What Would the G.O.P. Plan Actually Do to the Budget? (2023)

House Republicans want to cut federal spending — and they just passed a bill that would do that.

But they don’t want to cut defense spending.

They don’t want to cut veterans’ health care spending.

They don’t want to cut Medicare or Social Security.

Their bill, which would raise the country’s borrowing limit for a year in exchange for a decade of spending reductions, does not include many specifics. It achieves most of its savings with spending caps for discretionary spending — the part of the budget allocated annually by Congress that is not automatic like Social Security payments — but it doesn’t say what discretionary programs should be cut and which ones should be spared.

Budget Cuts in the G.O.P. Plan

The bill’s caps on discretionary spending would result in larger and larger cuts each year, beginning with a 13 percent reduction in 2024.

What Would the G.O.P. Plan Actually Do to the Budget? (1)


Discretionary spending

$2.0 trillion

Proposed cuts







Source: Committee for a Responsible Federal Budget Note: Figure shows base discretionary budget authority, which does not include emergency spending. The New York Times

If the entire discretionary budget were subject to cuts, the reductions would be “aggressive” but “achievable,” said Marc Goldwein, a senior policy director for the Committee for a Responsible Federal Budget, which backs deficit reduction.

But if favored programs are protected, the cuts everywhere else will get much deeper and harder to implement. “It goes from being an achievable goal to one that would be very difficult to achieve,” he said.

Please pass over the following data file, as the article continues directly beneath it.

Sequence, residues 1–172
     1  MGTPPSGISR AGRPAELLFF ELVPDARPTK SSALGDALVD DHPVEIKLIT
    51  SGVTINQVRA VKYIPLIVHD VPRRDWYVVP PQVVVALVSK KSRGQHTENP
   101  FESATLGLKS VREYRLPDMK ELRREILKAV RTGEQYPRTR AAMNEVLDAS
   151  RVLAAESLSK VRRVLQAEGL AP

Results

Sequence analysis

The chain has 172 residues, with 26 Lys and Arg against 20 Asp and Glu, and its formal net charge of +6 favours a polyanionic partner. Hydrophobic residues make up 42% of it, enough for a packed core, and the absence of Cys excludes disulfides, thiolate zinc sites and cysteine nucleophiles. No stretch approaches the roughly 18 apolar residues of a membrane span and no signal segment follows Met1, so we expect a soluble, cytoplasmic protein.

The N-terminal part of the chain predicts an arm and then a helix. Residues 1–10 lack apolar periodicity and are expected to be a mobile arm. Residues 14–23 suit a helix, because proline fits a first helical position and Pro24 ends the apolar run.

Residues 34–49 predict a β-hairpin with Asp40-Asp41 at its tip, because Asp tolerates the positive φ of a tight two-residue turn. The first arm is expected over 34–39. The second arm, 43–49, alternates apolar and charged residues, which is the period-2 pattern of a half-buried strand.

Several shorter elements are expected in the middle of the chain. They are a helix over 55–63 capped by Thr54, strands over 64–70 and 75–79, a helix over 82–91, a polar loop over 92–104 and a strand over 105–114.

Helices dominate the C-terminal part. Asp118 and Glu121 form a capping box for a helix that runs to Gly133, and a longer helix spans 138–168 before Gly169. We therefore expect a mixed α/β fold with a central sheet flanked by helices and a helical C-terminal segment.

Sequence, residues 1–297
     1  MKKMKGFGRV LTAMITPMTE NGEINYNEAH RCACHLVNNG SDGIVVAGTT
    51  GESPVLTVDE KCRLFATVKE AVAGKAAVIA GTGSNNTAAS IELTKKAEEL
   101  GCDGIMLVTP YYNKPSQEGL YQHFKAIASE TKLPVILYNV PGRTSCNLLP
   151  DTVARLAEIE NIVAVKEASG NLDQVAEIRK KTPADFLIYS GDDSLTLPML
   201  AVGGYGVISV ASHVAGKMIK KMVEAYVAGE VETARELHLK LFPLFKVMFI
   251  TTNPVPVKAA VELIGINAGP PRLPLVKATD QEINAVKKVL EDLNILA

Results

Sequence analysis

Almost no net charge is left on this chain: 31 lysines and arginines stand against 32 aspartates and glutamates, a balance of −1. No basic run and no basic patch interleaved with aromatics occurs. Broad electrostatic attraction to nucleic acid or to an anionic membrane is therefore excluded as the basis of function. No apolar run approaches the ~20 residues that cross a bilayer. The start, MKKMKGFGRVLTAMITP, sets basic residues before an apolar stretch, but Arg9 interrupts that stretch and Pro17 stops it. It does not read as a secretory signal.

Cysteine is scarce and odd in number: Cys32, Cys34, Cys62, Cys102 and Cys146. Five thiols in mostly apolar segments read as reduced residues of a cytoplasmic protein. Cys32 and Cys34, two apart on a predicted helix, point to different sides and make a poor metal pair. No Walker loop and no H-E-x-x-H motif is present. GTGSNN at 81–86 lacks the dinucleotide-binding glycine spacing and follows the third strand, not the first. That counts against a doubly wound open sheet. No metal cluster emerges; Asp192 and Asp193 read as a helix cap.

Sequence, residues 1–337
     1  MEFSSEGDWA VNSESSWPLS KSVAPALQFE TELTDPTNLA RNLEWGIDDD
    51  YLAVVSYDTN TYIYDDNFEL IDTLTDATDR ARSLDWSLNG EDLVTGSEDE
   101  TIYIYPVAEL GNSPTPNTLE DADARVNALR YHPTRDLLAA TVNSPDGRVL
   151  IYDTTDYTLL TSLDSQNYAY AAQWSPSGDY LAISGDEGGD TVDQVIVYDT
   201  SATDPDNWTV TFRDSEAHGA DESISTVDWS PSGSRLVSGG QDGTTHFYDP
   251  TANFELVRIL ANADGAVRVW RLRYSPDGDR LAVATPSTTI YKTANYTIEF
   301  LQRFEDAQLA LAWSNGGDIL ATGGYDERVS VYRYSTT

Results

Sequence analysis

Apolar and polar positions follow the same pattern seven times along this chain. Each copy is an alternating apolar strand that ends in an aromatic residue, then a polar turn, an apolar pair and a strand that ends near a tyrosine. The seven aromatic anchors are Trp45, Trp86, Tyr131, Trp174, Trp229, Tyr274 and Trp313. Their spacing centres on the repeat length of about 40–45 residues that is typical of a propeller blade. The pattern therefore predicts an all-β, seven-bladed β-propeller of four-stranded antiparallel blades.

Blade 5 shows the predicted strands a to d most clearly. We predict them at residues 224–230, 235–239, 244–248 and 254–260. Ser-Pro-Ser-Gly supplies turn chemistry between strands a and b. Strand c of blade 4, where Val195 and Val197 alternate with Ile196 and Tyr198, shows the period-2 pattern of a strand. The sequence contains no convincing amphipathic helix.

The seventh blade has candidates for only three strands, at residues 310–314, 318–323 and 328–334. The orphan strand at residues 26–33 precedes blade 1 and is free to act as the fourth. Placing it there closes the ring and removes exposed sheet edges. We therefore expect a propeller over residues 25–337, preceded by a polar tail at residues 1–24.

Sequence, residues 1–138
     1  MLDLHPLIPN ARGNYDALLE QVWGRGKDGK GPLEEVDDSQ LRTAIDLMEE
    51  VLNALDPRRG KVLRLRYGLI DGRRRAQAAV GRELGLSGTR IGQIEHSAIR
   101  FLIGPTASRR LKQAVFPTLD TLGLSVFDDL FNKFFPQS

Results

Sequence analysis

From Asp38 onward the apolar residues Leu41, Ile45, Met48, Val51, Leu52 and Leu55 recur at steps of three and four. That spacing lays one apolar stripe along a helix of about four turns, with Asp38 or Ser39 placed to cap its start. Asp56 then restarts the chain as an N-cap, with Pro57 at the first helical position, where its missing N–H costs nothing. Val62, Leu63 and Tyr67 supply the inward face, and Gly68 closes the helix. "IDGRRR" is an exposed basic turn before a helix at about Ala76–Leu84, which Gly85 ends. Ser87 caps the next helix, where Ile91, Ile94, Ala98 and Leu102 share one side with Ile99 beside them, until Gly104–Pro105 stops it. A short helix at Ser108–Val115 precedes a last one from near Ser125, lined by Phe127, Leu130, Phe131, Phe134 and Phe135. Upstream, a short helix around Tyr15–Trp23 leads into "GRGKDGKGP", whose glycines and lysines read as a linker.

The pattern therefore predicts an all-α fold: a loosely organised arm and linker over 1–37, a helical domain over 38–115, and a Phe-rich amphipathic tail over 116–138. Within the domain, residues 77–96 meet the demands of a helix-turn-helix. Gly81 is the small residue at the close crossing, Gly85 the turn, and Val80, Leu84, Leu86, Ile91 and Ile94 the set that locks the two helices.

The White House has been attacking Republicans for proposing cuts to veterans’ care. Republicans in House leadership have responded that no cuts are intended. House Speaker Kevin McCarthy has promised he will protect the military from reductions, though the bill as written does not exclude them. And Kay Granger, the chairwoman of the House Appropriations Committee, has said border security remains a top priority.

The bill is Mr. McCarthy’s first big move in negotiations over the debt ceiling, which he has argued should be tied to reductions in federal spending to lower future debt, though there is no legal reason it must be. If Congress doesn’t raise the limit on how much the country can borrow to pay its existing bills by June 1, the Treasury Department may be forced to default on its bonds, an underpinning of the global economy. President Biden wants Congress to raise the debt limit without any conditions, saying he’s willing to talk about the budget, but not under a threat of default.

Mr. McCarthy is scheduled to meet with Mr. Biden on Tuesday at the White House.

How Deep Spending Cuts Could Be

The funding caps in the House Republican bill would cut discretionary spending by an average of 18 percent over the next decade. But if three major programs are left untouched, the remaining areas would have to be cut by half.

Source: Analysis of Congressional Budget Office data by Bobby Kogan, Center for American Progress Note: Figure shows base discretionary budget authority totals for 2024-2033. The New York Times

The charts above show how exempting big categories of spending would make the budget caps more draconian. Universal discretionary caps would cut spending by an average of 18 percent over a decade, compared with what’s expected if current levels grew according to inflation. But with defense, veterans’ care and homeland security exempted, the caps would result in cutting the rest of the discretionary budget by more than half.

Defense is the largest category of discretionary spending in the budget. Veterans’ health care is the second largest.